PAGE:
It gets really scary when you surf around the blogosphere and see how ‘pronation’ and ‘overpronation’ is being pontificated on by pseudo-experts and giving advice when they clearly have no idea what they are talking about. This is very common in the running community and is a flawed basis for the prescription of running shoes. There is so much of what is written about it that is pseudoscience, yet is accepted as fact by those who are not familiar with the whole body of evidence on the topic. There is a lot of cherry picking of flawed studies to make a point and and ignoring of what the more powerful meta-analyses and and systematic reviews are showing.
“Pronation’ and ‘overpronation’ in the running community are probably the most misused and misunderstood terms in relationship to injury and running show prescription. See: The nonsensical understanding of ‘overpronation’.
The most recent example of this is the recent study that came with a press release that was widely picked up on running websites and forums about ‘busting the pronation myth‘ in which the authors claimed to have shown that pronation was not a risk factor for injury in runners. Those with agendas widely trumpeted that press release and running websites parroted from that press release. There was very little critical appraisal of the actual research that underpinned the press release.
Basically the study was a prospective risk factor study. They used the Foot Posture Index (FPI) and found that those runners with a higher FPI did not get more overuse injuries. BUT if you actually read the paper:
1. They eliminated all those wearing foot orthotics from the study. The assumption would be that if they are wearing foot orthotics, then they are probably a pronator at risk for injury. So if you eliminate all those pronators who are at risk for and injury, you are left with the pronators who are not at risk for an injury! So, of course they will then find that ‘pronation’ is not a risk factor! I can’t believe how dumb this was to do and how all those parroting the study did not see this as an issue.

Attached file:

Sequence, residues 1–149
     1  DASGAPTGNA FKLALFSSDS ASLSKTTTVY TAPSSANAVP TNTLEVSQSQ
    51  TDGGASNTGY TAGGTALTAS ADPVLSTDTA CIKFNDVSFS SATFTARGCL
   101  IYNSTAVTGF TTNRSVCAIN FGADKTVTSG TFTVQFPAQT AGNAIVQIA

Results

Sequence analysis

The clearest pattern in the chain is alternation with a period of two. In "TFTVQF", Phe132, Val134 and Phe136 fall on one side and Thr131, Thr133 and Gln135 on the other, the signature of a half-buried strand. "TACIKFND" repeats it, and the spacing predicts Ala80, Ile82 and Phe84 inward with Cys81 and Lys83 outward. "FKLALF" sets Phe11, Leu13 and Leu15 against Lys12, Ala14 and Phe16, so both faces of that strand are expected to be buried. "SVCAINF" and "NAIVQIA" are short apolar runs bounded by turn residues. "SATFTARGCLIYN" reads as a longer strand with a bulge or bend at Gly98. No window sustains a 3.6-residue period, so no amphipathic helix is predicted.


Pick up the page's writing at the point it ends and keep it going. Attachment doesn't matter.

2. They also used an FPI of 7 as the cut off point of the neutral vs pronated category. While this is based on normalized data, there would hardly be any clinician familiar with the FPI that would accept that. This means that most of the feet in their ‘neutral’ group were probably pronated!
3. Another study came out around the same time that showed the exact opposite of this study. Why did those parroting the above study not mention this one? This was cherry picking at its worse.
At the end of the day, there is more than enough studies on ‘overpronation’ and injury risk to combine all the data from all the good ones into a meta-analysis and systematic review. The most recent one to do that concludes that ‘overpronation’ is a small, but statistically significant risk factor for injury. This data is much more powerful than individual studies and should be the one that we focus on to avoid the use of cherry picking one study or another to promote an agenda.